When Teddy Roosevelt came to Kansas City

Teddy Roosevelt's visit to Kansas City in 1903. Photo courtesy Kansas City Public Library - Missouri Valley Special Collections.

Teddy Roosevelt’s visit to Kansas City in 1903. Crowds lined the Paseo. Photos courtesy Kansas City Public Library – Missouri Valley Special Collections.

As the PBS series on the Roosevelts continues this week, few in Kansas City remember the time when President Theodore Roosevelt visited Kansas City. But on May 1, 1903, crowds filled the streets to see him.

“For nearly three hours this forenoon President Roosevelt rode between solid banks of cheering people that lined miles and miles of Kansas City streets” the Kansas City Star reported.  “Then at convention hall he spoke to 15,000 people and many people were turned away.”

The President’s trip, called his Tour of the West, had begun a month earlier when he left Washington on a special six-car train. He traveled 14,000 miles, stopping to make speeches and meet people along the way, spending 66 days on the road.

roosevelt-2Then on May 1, 1903, he arrived in Kansas City. The train stopped at 15th and Askew and was met by a reception committee and militia. The parade then marched down 15th Street to the Paseo, where the grand boulevard was lined with more than 20,000 school children from public schools, private schools, Catholic schools and negro schools, singing, cheering and waving flags.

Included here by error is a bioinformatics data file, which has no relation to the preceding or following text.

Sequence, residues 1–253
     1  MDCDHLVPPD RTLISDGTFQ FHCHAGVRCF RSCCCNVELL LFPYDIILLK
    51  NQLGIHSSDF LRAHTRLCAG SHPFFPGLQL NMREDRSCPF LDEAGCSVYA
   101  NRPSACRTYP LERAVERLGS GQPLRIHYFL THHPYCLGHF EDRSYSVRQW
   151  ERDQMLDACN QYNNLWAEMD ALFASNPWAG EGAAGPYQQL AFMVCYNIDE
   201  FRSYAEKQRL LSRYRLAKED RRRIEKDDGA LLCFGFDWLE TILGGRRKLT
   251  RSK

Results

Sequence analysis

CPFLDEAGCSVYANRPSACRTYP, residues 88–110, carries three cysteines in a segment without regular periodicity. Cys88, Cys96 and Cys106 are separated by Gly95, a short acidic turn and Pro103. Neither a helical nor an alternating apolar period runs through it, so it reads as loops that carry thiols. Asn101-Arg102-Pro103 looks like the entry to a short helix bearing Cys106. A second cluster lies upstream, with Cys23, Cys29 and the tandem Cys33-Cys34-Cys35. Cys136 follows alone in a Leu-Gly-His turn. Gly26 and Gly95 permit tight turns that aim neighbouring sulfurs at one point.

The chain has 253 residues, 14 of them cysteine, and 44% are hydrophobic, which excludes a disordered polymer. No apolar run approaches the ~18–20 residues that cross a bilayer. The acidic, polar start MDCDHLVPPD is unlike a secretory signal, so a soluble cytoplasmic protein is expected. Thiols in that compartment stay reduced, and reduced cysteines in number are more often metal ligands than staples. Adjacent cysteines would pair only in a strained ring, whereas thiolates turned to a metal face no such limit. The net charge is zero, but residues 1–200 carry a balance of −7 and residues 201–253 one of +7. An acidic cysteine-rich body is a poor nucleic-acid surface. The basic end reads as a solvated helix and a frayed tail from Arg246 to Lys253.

“Looking up the Paseo, the President can see a cleared space in the center, the gray macadam gleaming in the bright sunlight. The walls of the long corridor were thousands of children waving tiny flags like the myriad leaves of an autumn forest,” The Star reported. The president stood up in his carriage bowing and waving for most of the trip to the convention hall, “lifting his hat so often that it might truly be said that for three hours he rode bareheaded.”

The Convention Hall had never held more people, the Star said, and Roosevelt spoke for nearly an hour while thousands sat and stood in silence.

“The people were undoubtedly pleased with the President’s visit. School children and grown folks acted as if they were delighted as he passed by and greeted them. The President himself was immensely pleased with his welcome. He said so, most emphatically. He regretted that he could not stay longer.”


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